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Unit Testing An NHibernate Application
Grant Palin recently asked me for an in-depth article on TDD’ing an NHibernate application. While this post won’t be very in-depth, it might be helpful already. There are basically two approaches that I've seen used with good results, though there are obviously more approaches that you can use. I'm going to limit the scope of this post to the following two approaches though, and I'll also discuss exactly what we test.
Creating a new database for each test (or testfixture)
This approach creates the database at the beginning of each test (or testfixture), runs the test (or tests in the fixture), and then destroys the database after the test (or testfixture) completed. The easiest way to do this is to create a base test class that all of you data access test class should inherit from. Here’s a simple example:
This class will create the database from scratch once for each TestFixture, which means that each test in the fixture will use the same database. It also destroys the database at the end of the fixture. It creates the database based on your mappings, and as you can see, you really don’t have to do a lot for this. If you want the database to be recreated and dropped for each test, then you obviously need to move the code in the TestFixtureSetup and TestFixtureTearDown methods to your regular SetUp and TearDown methods. If you go that route, I'd advise you to include empty template methods before and after the setup and teardown so you can plug in some extra code before and after these operations in your derived test classes.
The biggest benefit of this approach is that you don’t have any possibly present state in the database that can influence your tests. The downside is that you can’t rely on certain data (eg reference data) to be present and you have to recreate it whenever you need it. You can also use multiple transactions in your tests, though you are also responsible for cleaning any data that is left in the database at the end of each test. You also need to guarantee that this always happens because any data that is left by one test might influence another one. Also, if you leave data in the database, that might lead to problems when dropping the database, so you really need to be careful with this.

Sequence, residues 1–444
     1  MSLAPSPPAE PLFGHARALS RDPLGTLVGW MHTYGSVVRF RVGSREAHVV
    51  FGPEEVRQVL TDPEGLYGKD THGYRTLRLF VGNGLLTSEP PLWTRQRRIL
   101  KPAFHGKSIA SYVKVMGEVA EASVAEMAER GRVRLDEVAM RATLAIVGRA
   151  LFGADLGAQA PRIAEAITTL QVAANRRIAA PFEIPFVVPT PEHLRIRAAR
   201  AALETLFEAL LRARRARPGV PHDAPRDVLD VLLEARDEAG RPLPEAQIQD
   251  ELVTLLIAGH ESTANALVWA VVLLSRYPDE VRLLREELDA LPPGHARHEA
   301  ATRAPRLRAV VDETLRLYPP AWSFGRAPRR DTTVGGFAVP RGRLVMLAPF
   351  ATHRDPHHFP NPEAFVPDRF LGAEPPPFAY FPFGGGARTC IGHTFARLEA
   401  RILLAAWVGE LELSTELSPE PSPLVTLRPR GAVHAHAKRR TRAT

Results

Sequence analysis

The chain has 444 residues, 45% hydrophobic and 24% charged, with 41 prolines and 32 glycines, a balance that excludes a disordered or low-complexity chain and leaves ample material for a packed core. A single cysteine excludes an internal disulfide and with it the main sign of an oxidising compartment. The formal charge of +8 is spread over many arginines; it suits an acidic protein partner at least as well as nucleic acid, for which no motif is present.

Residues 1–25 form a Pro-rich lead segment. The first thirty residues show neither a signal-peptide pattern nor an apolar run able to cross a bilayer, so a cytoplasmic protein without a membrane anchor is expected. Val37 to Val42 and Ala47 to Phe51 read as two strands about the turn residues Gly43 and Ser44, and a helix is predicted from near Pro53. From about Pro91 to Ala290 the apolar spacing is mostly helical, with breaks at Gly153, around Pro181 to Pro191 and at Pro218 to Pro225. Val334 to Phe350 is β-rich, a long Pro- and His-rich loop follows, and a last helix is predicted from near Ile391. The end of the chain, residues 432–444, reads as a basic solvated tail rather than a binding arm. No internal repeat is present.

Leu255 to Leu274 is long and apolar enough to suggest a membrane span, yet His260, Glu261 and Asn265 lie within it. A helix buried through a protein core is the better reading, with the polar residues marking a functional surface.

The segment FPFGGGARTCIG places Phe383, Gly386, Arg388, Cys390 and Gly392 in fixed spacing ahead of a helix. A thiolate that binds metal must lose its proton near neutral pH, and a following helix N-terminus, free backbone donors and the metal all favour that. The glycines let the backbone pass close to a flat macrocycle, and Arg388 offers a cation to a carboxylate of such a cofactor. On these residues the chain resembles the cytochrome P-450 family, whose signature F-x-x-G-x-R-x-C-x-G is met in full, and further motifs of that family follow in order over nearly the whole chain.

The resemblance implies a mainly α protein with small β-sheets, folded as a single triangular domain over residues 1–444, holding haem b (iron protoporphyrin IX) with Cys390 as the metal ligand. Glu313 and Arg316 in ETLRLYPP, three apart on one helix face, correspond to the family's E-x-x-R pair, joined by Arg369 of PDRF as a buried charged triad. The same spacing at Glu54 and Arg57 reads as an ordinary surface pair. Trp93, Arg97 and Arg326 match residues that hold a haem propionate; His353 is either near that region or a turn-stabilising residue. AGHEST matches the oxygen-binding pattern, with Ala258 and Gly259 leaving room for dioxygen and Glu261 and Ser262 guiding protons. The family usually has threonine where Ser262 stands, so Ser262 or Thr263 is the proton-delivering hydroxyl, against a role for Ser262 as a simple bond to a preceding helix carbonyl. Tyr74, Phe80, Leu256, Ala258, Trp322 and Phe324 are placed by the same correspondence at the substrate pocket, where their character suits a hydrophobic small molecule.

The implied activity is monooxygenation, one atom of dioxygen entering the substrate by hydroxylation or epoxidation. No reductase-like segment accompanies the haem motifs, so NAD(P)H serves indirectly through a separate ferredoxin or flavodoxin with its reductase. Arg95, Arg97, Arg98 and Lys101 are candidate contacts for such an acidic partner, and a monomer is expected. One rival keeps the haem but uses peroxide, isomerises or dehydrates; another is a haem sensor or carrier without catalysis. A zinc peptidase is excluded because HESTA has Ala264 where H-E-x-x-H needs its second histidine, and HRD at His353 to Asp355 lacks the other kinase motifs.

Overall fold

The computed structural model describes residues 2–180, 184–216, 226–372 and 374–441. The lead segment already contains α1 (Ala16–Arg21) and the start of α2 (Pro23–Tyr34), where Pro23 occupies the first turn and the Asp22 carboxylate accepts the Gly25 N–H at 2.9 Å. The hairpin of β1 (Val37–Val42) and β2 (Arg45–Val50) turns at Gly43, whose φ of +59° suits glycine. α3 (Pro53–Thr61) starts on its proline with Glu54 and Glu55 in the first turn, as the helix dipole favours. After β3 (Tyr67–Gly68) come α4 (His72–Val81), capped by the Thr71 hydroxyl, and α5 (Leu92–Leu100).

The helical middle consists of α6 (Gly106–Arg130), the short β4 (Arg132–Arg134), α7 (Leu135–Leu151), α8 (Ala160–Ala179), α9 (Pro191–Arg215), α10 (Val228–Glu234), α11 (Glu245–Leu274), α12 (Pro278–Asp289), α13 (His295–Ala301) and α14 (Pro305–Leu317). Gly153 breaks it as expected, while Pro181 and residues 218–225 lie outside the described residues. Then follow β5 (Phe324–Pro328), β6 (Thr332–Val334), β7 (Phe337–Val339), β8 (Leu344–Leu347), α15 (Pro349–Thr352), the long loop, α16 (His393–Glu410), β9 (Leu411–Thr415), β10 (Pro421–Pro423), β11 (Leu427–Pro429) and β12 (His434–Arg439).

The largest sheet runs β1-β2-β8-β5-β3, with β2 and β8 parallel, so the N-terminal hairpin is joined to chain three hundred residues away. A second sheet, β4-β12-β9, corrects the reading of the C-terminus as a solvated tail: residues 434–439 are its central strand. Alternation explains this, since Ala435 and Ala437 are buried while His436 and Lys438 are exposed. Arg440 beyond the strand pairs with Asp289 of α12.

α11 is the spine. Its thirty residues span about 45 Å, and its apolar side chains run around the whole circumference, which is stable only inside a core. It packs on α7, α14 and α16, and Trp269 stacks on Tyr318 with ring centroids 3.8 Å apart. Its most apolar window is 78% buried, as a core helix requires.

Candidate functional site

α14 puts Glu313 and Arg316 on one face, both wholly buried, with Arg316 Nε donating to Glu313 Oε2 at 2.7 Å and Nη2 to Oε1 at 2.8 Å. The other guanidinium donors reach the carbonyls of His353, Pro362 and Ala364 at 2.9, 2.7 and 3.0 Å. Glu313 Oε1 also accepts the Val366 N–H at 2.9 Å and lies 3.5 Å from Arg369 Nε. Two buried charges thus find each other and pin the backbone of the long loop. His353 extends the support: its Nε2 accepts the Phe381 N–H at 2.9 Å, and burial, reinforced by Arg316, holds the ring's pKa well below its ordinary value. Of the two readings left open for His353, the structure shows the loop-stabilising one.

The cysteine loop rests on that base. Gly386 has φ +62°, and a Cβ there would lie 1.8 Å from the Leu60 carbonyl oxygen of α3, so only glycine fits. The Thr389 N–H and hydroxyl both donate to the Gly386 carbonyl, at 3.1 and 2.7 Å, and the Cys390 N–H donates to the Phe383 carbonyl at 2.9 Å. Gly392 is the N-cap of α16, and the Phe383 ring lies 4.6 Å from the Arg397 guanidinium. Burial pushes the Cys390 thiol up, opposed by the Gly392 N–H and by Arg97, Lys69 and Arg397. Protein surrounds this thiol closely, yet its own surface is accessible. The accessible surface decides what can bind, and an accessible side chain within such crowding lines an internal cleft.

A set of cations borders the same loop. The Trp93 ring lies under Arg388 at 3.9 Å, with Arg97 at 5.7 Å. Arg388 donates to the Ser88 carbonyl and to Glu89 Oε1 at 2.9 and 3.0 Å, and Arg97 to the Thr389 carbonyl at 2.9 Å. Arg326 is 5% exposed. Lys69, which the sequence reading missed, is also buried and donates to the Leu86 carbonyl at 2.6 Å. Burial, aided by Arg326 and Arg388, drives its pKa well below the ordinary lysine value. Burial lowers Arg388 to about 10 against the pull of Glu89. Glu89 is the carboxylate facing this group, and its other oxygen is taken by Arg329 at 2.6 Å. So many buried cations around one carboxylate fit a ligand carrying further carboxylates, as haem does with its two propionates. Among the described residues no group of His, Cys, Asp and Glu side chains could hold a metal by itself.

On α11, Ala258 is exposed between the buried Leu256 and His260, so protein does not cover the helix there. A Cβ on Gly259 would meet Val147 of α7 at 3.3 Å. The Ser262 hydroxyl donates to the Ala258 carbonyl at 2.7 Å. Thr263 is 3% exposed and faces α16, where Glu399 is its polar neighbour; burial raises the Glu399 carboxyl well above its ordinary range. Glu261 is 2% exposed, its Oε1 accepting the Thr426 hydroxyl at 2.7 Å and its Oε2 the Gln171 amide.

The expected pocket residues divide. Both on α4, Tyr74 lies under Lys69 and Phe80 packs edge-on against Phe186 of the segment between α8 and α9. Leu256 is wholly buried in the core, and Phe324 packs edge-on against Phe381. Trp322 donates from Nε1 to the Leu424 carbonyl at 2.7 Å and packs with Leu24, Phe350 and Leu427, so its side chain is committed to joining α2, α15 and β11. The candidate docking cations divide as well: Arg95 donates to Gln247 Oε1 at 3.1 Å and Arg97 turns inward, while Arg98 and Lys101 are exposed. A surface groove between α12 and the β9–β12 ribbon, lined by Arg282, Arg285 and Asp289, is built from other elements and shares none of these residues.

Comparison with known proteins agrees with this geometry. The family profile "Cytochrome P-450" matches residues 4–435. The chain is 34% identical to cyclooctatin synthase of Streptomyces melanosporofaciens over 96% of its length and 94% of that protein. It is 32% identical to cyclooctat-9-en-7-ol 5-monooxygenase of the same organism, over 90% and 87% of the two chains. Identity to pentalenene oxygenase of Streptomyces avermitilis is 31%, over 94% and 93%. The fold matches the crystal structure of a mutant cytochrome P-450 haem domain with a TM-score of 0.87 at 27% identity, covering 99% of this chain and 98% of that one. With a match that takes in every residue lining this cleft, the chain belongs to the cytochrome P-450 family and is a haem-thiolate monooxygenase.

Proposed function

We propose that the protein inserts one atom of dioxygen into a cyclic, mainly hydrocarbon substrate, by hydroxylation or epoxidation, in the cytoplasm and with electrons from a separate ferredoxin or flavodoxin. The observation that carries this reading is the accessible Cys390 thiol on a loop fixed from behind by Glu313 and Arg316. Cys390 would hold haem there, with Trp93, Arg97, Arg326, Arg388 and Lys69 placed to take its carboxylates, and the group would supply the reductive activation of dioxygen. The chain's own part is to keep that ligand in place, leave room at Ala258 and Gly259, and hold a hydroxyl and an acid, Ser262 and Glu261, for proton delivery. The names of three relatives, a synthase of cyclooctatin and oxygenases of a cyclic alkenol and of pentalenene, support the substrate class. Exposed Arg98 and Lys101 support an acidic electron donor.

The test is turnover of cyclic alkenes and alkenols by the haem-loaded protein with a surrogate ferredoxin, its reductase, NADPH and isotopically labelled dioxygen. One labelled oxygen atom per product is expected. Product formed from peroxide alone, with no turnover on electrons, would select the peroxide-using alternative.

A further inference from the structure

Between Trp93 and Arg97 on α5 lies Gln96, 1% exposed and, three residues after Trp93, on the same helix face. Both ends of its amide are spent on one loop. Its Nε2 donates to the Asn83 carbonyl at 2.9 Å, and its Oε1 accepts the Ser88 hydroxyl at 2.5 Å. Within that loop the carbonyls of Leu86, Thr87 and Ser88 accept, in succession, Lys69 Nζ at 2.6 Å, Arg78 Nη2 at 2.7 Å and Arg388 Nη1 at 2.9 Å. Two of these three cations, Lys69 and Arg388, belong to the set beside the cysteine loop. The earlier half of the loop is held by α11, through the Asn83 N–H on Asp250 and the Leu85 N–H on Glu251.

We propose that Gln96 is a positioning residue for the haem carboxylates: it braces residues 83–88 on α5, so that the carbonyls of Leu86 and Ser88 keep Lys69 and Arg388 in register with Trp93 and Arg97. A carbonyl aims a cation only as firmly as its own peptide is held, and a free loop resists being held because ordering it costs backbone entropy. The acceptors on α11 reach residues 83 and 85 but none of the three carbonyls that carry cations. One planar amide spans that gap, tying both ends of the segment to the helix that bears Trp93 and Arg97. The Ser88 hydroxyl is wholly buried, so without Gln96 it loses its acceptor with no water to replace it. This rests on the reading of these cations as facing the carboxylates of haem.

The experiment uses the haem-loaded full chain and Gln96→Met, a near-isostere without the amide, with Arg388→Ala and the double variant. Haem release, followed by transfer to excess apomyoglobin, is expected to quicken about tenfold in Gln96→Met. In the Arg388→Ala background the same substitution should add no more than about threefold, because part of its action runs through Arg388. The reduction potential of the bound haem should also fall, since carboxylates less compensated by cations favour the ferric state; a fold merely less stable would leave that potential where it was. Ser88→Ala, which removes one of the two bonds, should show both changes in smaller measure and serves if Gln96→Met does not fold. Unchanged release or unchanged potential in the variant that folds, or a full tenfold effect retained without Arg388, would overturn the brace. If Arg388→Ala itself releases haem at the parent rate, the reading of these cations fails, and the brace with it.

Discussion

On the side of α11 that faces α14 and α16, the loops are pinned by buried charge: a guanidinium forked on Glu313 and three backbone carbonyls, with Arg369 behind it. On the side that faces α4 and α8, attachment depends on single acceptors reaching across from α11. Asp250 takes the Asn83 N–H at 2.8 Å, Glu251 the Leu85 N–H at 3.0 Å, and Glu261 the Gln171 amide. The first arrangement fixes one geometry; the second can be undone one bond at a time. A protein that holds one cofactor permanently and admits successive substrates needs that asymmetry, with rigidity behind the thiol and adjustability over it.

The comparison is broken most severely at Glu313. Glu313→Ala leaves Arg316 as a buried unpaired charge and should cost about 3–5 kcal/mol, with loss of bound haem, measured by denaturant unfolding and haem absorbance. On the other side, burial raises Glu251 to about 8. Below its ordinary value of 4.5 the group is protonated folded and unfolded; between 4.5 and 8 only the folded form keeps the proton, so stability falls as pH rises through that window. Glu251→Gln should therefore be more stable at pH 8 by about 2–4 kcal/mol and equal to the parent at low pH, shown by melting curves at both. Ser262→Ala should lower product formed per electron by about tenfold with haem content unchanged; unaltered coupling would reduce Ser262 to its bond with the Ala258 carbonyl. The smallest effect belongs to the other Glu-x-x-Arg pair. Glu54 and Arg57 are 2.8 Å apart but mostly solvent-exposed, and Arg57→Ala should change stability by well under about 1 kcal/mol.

Another problem with this example is that there is no automatic way to push the ISession instance to your data access components. That could easily be added though, depending on how your data access components retrieve a reference to a valid ISession.
Tests that automatically roll back their transactions
This is the approach that we always use at work. These tests require your database to be set up in a valid manner before your tests begin. Each test uses one transaction, which is automatically rolled back at the end of the test to prevent the possibility of any test data remaining in the database. With this way of testing, it’s also possible to provide some kind of ‘known state’ in the database (eg reference data) that you can use from within your code.
Here’s the NHibernateTest class that our NHibernate test classes all inherit from:
Now, this example uses our UnitOfWork and ActiveSessionManager classes to make sure that our data access components can access the current ISession instance. Each test has a valid ISession present, which has already created a transaction and we can create/modify/delete data, run our queries, modify some stuff again, run our queries again and perform our assertions, all in the same transaction. After the test is completed, the transaction is never committed (and thus, automatically rolled back) so none of that data ever remains in the database.
What Exactly Do We Test?
Well, we test everything basically. We test all of our CRUD operations (again, with a simple base class which only requires you to implement the BuildEntity, ModifyEntity and AssertEqual methods and does all of the operations and checks automatically) for each entity. That’s right, for each entity. The extra work that this requires really doesn’t take a lot of time and it lets us know for a fact that our mappings are valid.
We also test every custom query that we write, always using the following approach: create some test data, flush the session, perform your query and verify that the expected data has indeed been returned by the query, and also that data that shouldn’t have been returned isn’t there.
And that’s pretty much it. We mock the data layer in all of our other tests, so our CRUD and query tests are the only ones that actually use NHibernate and the database. But CRUD actions and queries are tested very extensively.
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